About ROAD 2.0

The Resource of Outdoor Advertising Descriptions 2.0 (ROAD 2.0) project comprises images related to outdoor advertising from the twentieth century. It originated as a metadata-only database in 2003, funded by an grant from the National Endowment for the Humanities. Later, using a grant from the National Historical Publications and Records Commission (NHPRC), Duke University Libraries digitized many of the images described in the original database. The digitized version of the collection launched in spring 2011 with over 22,000 items selected from four archival collections: the Outdoor Advertising Association of America (OAAA) Archives, the OAAA Slide Library, and the papers of prominent outdoor advertising figures John Paver and John Brennan. A fifth collection, the R.C. Maxwell Company Records, was digitized as a complement to the NHPRC grant-funded collection, and was added to the ROAD installation later in summer 2011. ROAD2.0 is now a portal to over 31,000 outdoor advertising images.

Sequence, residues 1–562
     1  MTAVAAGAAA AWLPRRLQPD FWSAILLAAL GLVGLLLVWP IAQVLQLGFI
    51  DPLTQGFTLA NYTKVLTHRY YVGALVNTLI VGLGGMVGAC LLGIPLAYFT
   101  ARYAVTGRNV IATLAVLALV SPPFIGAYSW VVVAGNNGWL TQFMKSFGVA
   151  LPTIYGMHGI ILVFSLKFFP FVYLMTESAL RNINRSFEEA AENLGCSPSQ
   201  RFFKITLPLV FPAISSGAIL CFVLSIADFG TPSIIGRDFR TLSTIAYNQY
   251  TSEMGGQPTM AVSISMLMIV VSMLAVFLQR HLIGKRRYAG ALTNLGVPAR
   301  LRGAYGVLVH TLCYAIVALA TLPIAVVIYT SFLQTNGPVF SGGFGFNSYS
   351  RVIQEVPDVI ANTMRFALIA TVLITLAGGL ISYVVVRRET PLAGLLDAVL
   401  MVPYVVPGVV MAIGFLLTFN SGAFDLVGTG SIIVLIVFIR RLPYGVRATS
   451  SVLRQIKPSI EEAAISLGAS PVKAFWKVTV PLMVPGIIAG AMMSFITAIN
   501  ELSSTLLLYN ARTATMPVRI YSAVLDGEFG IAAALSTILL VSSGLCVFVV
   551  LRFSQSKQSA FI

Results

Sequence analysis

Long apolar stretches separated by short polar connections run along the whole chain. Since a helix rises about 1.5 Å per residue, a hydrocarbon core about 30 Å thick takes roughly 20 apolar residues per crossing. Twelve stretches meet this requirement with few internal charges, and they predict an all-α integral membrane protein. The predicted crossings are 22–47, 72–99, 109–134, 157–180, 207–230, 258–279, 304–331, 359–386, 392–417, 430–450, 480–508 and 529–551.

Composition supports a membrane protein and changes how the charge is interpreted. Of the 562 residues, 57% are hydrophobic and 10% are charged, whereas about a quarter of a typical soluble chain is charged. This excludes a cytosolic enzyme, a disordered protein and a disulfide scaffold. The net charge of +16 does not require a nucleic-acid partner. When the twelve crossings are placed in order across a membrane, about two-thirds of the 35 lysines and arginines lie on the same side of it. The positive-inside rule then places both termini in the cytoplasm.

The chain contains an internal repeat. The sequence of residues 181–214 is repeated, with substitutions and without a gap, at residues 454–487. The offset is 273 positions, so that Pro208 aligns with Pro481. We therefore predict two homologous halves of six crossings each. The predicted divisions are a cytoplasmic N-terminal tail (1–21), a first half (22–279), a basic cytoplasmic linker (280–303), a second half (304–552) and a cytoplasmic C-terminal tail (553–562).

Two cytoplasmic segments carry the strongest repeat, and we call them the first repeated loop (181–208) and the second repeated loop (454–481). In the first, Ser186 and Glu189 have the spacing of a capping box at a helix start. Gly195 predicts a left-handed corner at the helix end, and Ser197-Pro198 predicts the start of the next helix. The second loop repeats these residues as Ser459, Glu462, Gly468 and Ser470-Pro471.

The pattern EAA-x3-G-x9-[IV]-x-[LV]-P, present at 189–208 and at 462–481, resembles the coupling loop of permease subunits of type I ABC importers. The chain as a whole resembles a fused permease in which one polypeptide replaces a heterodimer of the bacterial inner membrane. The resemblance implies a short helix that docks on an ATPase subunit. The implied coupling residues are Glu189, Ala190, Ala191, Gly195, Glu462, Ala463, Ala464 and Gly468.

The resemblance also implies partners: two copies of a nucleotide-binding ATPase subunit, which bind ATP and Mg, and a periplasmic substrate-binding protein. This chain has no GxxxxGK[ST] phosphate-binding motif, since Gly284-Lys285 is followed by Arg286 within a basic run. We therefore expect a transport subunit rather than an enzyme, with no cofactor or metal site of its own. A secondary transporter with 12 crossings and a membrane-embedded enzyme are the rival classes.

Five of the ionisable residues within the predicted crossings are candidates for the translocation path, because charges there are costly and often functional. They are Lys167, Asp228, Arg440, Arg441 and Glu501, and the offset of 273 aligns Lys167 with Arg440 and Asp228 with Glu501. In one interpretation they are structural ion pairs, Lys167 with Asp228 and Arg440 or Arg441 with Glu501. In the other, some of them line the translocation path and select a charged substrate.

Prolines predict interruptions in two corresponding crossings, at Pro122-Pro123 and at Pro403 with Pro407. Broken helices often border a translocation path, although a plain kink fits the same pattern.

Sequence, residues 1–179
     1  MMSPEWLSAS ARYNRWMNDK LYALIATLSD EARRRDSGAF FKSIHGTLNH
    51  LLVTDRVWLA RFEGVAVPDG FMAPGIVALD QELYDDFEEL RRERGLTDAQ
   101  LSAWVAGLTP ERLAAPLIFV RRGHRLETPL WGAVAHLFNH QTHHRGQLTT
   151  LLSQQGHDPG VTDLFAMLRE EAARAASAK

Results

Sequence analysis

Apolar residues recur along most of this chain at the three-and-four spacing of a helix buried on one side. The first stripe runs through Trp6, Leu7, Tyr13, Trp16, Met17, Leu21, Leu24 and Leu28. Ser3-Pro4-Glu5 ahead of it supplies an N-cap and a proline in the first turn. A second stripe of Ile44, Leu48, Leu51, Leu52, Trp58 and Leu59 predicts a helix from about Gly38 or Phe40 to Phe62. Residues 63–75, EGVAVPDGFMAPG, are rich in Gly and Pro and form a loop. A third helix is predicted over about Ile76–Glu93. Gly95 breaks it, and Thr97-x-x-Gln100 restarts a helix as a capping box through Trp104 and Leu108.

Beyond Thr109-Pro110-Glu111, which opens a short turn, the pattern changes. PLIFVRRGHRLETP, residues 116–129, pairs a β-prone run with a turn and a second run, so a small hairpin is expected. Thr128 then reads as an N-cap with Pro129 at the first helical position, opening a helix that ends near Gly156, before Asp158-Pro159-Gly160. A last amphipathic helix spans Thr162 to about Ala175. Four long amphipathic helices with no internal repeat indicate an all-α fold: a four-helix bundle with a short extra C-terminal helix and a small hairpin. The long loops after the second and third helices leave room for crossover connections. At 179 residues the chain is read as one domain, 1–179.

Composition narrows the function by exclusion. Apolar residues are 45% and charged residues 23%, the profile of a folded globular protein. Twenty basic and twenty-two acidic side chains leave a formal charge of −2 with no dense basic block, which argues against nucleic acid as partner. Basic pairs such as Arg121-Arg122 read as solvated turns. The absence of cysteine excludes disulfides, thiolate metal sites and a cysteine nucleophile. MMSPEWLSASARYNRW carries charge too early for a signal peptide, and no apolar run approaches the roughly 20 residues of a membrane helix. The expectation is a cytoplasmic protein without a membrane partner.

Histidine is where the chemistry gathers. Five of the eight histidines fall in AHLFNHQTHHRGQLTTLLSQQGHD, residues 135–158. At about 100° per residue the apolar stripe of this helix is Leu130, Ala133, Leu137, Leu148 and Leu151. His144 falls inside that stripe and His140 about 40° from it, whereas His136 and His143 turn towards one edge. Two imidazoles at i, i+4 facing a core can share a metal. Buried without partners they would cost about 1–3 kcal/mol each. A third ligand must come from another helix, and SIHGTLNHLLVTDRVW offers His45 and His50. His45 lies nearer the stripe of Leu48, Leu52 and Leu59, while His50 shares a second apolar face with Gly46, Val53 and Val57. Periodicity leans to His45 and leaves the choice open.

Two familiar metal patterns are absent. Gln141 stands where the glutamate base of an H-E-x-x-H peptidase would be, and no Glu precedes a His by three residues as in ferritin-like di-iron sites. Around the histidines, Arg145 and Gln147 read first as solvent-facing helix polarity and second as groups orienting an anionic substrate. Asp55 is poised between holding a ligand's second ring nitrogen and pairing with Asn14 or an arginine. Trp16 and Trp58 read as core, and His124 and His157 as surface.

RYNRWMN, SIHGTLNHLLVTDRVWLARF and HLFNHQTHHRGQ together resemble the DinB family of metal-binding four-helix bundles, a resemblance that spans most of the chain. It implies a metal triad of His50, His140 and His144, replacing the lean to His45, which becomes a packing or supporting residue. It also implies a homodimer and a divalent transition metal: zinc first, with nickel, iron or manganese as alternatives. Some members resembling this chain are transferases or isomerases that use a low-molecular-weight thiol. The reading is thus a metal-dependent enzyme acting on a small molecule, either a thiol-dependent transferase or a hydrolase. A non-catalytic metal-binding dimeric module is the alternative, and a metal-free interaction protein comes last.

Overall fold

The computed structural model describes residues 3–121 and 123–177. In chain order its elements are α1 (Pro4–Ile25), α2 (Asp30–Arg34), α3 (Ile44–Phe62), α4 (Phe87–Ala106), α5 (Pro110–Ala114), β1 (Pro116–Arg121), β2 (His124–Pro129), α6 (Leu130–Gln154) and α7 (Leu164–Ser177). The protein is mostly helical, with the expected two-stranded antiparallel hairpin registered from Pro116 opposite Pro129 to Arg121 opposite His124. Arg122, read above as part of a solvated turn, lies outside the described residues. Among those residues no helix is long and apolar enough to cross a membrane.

Copyright & Citation

Most of the advertisements digitized as part of the the ROAD: Resource of Outdoor Advertising Descriptions Project were published after 1923. Therefore, the majority of advertisements represented in this resource are not in the public domain. The advertisements may be viewed and printed out by anyone for research, teaching, private study, or general interest. For any other uses of these advertisements please refer to the Copyright & Citation policy for the ROAD project.

About the ROAD 2.0 digitization project

ROAD 2.0 was an NHPRC-funded project (2009-2012) to scan approximately 24,000 images and merge them with descriptive metadata from the ROAD (Resource of Outdoor Advertising Description) database, in order to create an improved online resource for researching advertising history. Ultimately, 27,515 digitized images were produced by this project, at an average cost of $3.54 per image. Publication of these images with the original ROAD database metadata required cleaning of the metadata to correct errors and to enable item-level searching of images, along with mapping of the existing descriptive values to a more generic and discoverable schema based in Dublin Core (called AdCore). Description of this project and its outcomes are found in the project report and additional documentation, linked below.
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